Abraham, who acknowledged the laptop requirement could be controversial, said university officials have answers for students' concerns and that they ultimately will benefit.

"The exciting thing is we're the first teacher preparation program in the country that is making this as a requirement," he said. "That's the place where I see other (schools) will try to follow."

The Apple requirement

  • Model: Apple iBook or PowerBook
  • Operating system: Mac OS X
  • Processor: 500 MHz PowerPC G3
  • RAM: 128 megabytes
  • Hard disk size: 15 gigabytes
  • Connectivity: 10/100 Base-T Ethernet, Apple Airport Cards, 56K internal modem, USB and FireWire ports, external SVGA monitor/ projector output
  • Technical support: AppleCare protection plan
  • Software: Microsoft Office, First-Class, UT student software
  • Cost: $2,500 retail, $1,000 for qualifying students

The article also talks about another college at UT that requires students to have a Windows 2000 laptop, and other issues pertaining to UT's support for computers.

The Mac Observer Spin:

This article offers cause for celebration, at least on the surface. Dig down a bit deeper though, and we see the same sort of wrong-headed thinking that is so often used by bigoted Windows lemmings to justify dumping Macs in favor of PCs. Specifically:

"We needed to have a single platform," Abraham said. "We didn't want our faculty spending a lot of time figuring out what kind of computer someone in the class is using."

How many times have we had that tossed in our face by ignorant PC IT weenies? Certainly it's sweet that the victory goes to the Mac platform, in this case, but it still maintains the fallacy that having but one platform is easier and saves money. Let's be real here - how hard is it to check to see if even a Windows laptop has Office, and a few bits of other software? It's not. Think about it this way: if this article had been reversed, and we were talking about a college that had gone all Windows because having a single platform is better, almost everyone reading it would be up in arms.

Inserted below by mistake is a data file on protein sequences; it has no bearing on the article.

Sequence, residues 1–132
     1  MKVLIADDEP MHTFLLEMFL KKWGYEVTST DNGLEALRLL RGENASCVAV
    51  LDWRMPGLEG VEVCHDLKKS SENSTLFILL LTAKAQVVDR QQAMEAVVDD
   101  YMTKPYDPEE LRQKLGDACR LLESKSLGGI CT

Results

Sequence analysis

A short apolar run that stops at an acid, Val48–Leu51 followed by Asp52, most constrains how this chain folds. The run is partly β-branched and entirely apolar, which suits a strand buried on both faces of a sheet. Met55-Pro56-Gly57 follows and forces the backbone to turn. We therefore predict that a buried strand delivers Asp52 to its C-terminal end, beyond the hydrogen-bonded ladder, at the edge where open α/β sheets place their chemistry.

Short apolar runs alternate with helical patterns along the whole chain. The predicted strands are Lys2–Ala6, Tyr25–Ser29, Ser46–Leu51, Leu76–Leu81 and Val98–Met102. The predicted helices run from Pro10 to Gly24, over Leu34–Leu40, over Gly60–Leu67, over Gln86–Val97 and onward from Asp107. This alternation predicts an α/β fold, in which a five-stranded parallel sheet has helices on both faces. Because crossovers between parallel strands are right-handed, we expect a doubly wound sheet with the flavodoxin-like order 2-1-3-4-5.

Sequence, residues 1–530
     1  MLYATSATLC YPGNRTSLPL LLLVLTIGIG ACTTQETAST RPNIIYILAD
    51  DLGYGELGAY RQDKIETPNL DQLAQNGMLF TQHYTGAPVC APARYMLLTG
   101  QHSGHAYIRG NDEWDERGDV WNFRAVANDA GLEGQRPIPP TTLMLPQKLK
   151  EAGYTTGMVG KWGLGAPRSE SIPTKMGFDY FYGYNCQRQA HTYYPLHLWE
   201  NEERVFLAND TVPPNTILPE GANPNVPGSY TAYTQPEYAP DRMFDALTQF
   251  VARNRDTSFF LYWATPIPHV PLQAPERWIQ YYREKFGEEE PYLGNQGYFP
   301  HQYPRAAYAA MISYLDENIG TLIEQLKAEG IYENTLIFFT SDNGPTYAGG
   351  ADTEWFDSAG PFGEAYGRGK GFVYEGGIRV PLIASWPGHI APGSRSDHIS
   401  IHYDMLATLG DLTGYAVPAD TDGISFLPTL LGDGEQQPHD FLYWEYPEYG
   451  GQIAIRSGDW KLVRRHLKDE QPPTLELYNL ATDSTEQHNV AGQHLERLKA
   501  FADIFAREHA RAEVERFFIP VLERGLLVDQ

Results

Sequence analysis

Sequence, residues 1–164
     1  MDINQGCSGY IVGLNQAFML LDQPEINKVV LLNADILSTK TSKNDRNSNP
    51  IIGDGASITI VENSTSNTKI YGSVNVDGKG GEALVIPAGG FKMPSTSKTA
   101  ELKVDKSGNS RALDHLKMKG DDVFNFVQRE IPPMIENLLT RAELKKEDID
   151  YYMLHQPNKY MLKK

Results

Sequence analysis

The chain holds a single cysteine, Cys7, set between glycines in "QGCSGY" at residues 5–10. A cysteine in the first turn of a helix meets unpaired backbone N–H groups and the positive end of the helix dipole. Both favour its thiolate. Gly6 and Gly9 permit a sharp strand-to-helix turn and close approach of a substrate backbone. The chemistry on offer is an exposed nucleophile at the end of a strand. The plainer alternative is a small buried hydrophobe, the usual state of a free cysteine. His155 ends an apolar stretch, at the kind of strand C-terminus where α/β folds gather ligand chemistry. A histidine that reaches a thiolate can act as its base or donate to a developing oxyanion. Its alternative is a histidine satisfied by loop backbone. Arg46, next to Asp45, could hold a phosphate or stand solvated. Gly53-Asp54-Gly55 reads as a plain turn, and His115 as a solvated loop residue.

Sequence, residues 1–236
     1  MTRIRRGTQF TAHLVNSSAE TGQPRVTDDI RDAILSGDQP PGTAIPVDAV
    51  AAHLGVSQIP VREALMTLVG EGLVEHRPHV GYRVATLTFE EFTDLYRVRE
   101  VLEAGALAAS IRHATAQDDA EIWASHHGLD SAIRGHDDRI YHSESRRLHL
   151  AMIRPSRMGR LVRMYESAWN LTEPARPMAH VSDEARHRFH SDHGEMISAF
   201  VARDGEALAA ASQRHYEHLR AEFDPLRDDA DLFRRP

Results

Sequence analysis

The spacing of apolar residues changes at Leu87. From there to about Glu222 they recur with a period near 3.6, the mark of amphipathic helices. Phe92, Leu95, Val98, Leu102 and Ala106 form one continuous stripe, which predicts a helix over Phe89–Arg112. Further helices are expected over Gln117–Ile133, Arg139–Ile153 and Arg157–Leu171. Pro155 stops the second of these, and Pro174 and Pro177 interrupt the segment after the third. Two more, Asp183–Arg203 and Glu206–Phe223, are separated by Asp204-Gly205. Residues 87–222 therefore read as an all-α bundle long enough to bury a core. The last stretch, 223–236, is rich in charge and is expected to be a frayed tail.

On the other hand, there will be fewer support issues for the students and teachers, to be sure, and most of those students will likely be better off in the long run. It's not that we aren't happy about this news. It's good for students, it's good for UT, it's great for Apple, and it's good for the platform. It's certainly pleasant to have the tables turned. Our only complaint is that the perpetuation of the "One Platform RULZ!" myth is never good, even when it benefits the Mac platform.

One last note: How does a 500 MHz iBook with Office, First-Class, and free UT student software cost US$2500 retail? Microsoft Office is sold for something around US$5 to students through most university computer stores around the US, and the iBook itself retails for US$1199, without counting Apple's education discounts. Even the AppleCare shouldn't jack it up to US$2500. We're just nit-picking, though; the students are definitely getting a good deal on that machine.